10 Mhz. There are 3 commonly used configurations: SPST. Inductors oppose the flow of ac current. Most inductors have a low DC resistance since they are wound from copper wire. SPST = Single Pole. Single Throw This is a two terminal switch that opens and closes a circuit. Iron cores are used for frequencies below about 100 kHz. The former may contain a metallic core up its centre. It simply connects and disconnect a circuit. Reactance increases with frequency and as the value of the inductance increases. Ferrite cores are used for frequencies up to say. This section gives an overview of the contact configurations.Basic of Electronics 3. They may be wound on tubular FORMERS or may be self supporting. This opposition is called INDUCTIVE REACTANCE. -21- . SPDT = Single Pole.9. Switches really don't need any introduction. Inductor values of INDUCTANCE are measured in HENRIES. and DPDT.8 Inductor Inductors are coils of wire. Switches Discusses the different configurations of switches. SPDT. above 1 Mhz only a few turns. At low frequencies the inductor may have hundreds of turns. Double Throw This is a three terminal switch that connects one terminal to either of the other two. Figure 3-16 Diagrams of Inductors 3. Above 100Mhz the core is usually air and the coil is self supporting.
The dotted line indicates that S1a and S1b are part of the same switch "ganged" together and operate simultaneously.Basic of Electronics DPDT = Double Pole. Fig. This may be important if it is a high voltage supply. Double Throw This is a six terminal switch that connects a pair of terminals to either of the other two pairs. -22- . 1 Switches are used to open/close a circuit. 2 S1 is a "single pole on/off" switch in the off position. Fig. 3 This is a "2 pole on/off" switch which completely isolates the lamp from the supply in the off position. Fig.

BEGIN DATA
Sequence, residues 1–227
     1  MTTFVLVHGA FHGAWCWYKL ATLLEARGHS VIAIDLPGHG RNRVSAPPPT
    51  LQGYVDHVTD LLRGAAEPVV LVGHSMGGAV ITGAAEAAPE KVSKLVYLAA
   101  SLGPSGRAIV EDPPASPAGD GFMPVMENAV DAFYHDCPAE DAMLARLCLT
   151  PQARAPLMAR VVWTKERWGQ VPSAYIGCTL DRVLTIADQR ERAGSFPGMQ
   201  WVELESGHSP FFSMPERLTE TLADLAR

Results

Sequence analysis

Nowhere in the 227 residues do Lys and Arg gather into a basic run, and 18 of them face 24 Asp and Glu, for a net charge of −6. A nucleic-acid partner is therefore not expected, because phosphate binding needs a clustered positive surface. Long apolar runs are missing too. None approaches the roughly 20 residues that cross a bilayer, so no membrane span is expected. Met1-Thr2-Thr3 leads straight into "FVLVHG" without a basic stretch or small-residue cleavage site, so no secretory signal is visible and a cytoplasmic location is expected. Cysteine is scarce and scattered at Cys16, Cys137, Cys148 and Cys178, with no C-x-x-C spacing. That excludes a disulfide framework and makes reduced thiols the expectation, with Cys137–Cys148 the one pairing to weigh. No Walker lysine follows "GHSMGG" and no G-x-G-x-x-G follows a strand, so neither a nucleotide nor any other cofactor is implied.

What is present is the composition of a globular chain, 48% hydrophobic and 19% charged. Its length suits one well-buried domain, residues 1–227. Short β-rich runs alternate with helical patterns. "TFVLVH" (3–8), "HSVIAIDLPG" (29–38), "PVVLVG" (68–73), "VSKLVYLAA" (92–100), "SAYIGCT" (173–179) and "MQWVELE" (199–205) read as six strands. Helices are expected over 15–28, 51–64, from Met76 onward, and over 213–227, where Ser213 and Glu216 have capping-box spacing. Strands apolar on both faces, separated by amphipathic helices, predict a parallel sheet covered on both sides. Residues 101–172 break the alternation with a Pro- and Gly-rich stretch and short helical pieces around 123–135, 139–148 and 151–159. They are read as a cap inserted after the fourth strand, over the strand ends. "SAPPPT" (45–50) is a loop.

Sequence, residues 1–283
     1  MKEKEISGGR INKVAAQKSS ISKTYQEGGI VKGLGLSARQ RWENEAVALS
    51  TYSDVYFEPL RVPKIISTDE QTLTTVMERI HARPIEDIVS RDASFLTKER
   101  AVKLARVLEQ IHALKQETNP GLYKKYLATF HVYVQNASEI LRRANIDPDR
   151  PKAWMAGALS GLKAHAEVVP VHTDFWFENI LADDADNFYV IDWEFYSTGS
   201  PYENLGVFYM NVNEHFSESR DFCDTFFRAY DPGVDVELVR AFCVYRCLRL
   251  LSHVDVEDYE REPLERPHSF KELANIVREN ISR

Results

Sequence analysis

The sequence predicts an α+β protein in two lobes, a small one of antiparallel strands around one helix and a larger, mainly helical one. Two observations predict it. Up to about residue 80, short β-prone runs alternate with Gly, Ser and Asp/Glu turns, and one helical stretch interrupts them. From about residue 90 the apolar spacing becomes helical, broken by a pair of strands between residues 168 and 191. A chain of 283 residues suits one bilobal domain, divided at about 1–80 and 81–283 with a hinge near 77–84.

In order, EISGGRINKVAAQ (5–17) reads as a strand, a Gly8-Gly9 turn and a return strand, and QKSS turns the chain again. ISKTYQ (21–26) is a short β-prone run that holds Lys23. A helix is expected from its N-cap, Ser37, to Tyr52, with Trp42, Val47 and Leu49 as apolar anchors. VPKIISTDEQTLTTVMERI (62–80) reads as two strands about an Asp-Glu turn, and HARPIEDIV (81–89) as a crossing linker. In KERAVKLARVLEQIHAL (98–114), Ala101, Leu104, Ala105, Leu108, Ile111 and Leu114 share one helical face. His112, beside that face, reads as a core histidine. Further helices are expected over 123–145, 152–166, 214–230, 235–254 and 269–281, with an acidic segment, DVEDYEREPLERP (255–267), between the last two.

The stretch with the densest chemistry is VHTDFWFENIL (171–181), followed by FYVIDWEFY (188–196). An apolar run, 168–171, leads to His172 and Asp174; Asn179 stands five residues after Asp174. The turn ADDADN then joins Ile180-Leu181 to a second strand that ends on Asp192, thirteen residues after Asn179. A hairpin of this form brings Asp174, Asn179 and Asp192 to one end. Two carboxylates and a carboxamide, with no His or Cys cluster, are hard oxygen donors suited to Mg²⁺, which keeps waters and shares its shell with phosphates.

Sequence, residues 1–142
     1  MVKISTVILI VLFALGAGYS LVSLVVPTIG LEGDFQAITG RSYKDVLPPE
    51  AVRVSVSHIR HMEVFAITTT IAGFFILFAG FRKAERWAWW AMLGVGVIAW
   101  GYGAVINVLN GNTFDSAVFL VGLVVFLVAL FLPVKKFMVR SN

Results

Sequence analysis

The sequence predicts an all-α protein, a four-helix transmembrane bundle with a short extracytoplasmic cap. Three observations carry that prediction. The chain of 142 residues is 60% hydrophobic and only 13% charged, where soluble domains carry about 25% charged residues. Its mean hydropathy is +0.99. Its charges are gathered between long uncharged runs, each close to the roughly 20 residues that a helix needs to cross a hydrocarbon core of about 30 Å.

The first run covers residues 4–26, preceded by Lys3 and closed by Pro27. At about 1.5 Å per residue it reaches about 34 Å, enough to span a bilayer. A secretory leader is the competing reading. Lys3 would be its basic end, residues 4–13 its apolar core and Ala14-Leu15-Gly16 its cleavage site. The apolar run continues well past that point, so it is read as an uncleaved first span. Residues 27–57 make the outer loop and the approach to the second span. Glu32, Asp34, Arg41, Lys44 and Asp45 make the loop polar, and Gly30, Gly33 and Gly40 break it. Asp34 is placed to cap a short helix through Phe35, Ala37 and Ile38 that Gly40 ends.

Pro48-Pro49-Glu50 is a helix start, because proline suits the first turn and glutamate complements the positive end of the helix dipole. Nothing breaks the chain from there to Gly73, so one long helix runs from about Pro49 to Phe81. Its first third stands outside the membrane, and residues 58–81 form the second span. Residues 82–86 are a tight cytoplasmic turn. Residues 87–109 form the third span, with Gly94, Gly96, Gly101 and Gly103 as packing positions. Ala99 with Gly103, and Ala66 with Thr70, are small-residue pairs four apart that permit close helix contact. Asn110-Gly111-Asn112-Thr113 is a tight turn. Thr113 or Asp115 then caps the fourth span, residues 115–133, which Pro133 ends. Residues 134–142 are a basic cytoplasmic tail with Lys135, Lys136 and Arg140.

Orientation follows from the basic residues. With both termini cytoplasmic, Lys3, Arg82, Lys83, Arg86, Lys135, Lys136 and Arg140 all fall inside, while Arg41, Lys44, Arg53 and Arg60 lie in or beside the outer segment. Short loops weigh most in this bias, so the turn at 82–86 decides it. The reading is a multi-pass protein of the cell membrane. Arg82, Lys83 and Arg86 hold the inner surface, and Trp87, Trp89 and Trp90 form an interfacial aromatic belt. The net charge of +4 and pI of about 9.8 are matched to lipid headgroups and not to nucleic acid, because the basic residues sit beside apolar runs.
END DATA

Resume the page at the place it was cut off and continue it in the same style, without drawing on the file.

5 This is a "2 pole changeover" switch. The Fuse The fuse is a piece of wire which can carry a stated current. When operated a-b opens and b-c closes. Therefore special antisurge fuses are fitted. Fig. If a fuse is fitted to withstand this large current there would be no protection against faults which cause the current to rise slightly above the normal value. Fig. These can stand 10 times the rated current for 10 milliseconds. (3) both used together to make a "changeover" switch. Always find out why the fuse blew before replacing it.10. 8 This is a "changeover" slide switch. push to break". If the fuse is black and silvery then it is likely that there is a dead short (very low resistance) somewhere. Here are assorted switch types. The fuse must be able to carry slightly more than the normal operating current of the equipment to allow for tolerances and small current surges. If the fuse melts (blows) then there is an open circuit and no current can then flow thus protecting the equipment by isolating it from the power supply. Fig. Occasionly they grow tired and fail. 7 This shows (1) a "normally closed. It can select 1 of 5 circuits. If the surge lasts longer than this the fuse will blow. With some equipment there is a very large surge of current for a short time at switch on. Either lamp 1 or lamp 2 is on. Again S1a and S1b are part of the same switch. (2) a "normally open. You can have 2p 5w. Panel-Toggle-Make before break-Pneumatic-WaferProximity-Light activated-Toggle-Rotary Reed-Pull-Locking-Vane-Interlocking-RockerDimmer-Mercury-Tilt-Microswitch Thumbwheel-Key-Wafer-Slide-Float-Optical-FootThermal-Hall effect 3. push to make". The unlit lamp is completely isolated from the supply. 3p 4w etc. Figure 3-17 Fuse Configuration in circuit -23- .Basic of Electronics Fig. 4 This is a "single pole changeover" switch. 6 This is a "single pole 5 way" switch. If the current rises above this value it will melt. Fig.